Thugs in the nation’s capital might think twice now before preying on a nighttime stroller — or a stroller in midafternoon, for that matter — in the belief that the prey won’t shoot back. The good guys can now defend themselves.
That’s the promise in an order issued last week by U.S. District Judge Frederick J. Scullin Jr. forbidding the D.C. government and Metropolitan Police Chief Cathy L. Lanier to enforce laws prohibiting the carrying of handguns for self-defense.
Technically, the D.C. ordinance already allows carrying a gun with a permit, it’s just that the District makes sure nobody has one. The city council repealed the police chief’s authority to issue permits in 2008. This ban obviously infringes on the Second Amendment right to bear arms, but in Washington the powers that be think they have the right not to enforce laws they don’t like.
Judge Scullin, a former federal prosecutor appointed to the bench by President George H.W. Bush, took his cue from the U.S. Supreme Court’s ruling in 2010 in McDonald v. Chicago that applied the Second Amendment to the states and from the Heller v. D.C. ruling in 2008 striking down the District’s prohibition on “keeping” a gun in a home. He logically reasoned that the “bearing” of arms must also be allowed. Even the left’s favorite collection of activist judges, the 9th U.S. Circuit Court of Appeals based in California, recognized in February that San Diego’s system of issuing concealed-carry permits only to celebrities and wealthy political donors violates the Constitution.
“In light of Heller, McDonald, and their progeny,” Judge Scullin ruled from his courtroom in Syracuse, N.Y., “there is no longer any basis on which this Court can conclude that the District of Columbia’s total ban on the public carrying of ready-to-use handguns outside the home is constitutional under any level of scrutiny.” Or, as Alan Gura, the Second Amendment Foundation lawyer who argued the case, put it: “Totally banning a right literally spelled out in the Bill of Rights isn’t going to fly.”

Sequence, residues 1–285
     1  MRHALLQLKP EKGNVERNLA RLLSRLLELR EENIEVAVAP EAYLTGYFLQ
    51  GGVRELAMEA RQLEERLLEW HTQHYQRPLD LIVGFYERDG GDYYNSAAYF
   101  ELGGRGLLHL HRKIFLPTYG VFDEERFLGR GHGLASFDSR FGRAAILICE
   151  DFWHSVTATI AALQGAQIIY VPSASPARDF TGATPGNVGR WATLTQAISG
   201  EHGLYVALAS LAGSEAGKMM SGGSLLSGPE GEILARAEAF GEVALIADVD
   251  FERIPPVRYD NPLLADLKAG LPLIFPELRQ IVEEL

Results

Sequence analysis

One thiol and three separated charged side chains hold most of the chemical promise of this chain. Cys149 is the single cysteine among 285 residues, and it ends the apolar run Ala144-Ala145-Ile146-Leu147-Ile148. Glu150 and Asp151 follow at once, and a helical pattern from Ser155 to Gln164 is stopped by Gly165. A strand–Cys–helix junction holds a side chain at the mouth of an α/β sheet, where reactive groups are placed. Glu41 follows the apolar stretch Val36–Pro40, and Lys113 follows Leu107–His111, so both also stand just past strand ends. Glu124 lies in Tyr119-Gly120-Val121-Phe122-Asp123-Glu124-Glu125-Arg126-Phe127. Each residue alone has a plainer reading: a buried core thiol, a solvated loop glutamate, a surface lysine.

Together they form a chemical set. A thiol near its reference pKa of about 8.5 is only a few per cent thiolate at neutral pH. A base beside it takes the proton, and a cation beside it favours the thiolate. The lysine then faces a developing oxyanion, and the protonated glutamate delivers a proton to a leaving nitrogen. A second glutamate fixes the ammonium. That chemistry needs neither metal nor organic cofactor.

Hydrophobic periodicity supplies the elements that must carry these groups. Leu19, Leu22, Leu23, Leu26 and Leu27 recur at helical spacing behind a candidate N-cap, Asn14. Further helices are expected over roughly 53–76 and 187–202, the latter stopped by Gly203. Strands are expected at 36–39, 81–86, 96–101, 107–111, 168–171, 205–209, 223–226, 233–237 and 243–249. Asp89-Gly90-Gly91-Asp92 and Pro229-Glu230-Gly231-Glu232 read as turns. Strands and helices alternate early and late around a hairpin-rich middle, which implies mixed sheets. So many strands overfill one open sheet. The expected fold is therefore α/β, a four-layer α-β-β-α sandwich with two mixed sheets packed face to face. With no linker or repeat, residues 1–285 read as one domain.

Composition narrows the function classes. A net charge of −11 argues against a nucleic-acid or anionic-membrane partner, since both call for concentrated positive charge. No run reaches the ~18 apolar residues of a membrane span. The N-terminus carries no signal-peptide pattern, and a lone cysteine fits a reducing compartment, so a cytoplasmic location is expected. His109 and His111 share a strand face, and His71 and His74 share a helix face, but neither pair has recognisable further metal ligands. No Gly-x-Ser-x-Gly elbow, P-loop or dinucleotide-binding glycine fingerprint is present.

This ought to be good news for a staff member for Rep. Tom Marino, Pennsylvania Republican, who was arrested earlier this month for inadvertently taking a pistol through the X-ray machine in the Cannon House Office Building. The problem wasn’t bringing the weapon to his office — Congress has given itself permission to keep guns — he was arrested for violating D.C.’s carry ban.
The same thing happened in 2007 to a staff member for Jim Webb, then a Democratic senator from Virginia. Mr. Webb’s aide retained a lawyer who had once worked for the National Rifle Association who was eager to argue that U.S. law, which authorizes the transport of a gun from one lawful place to another, trumps a D.C. city ordinance. The charges were quickly dropped.
The U.S. Capitol Police has yet to clarify whether congressmen, senators and key staffers would now be allowed to take their guns to work. They’re obviously counting on a higher court to make Judge Scullin’s ruling go away.
Given the clarity of precedent, a stay seems unlikely. The D.C. Council is likely working now on a convoluted scheme to overrule Judge Scullin, making the exercise of a constitutional right as difficult as possible. If it succeeds, it will only make life easier for the District’s evildoers, and there are plenty of them.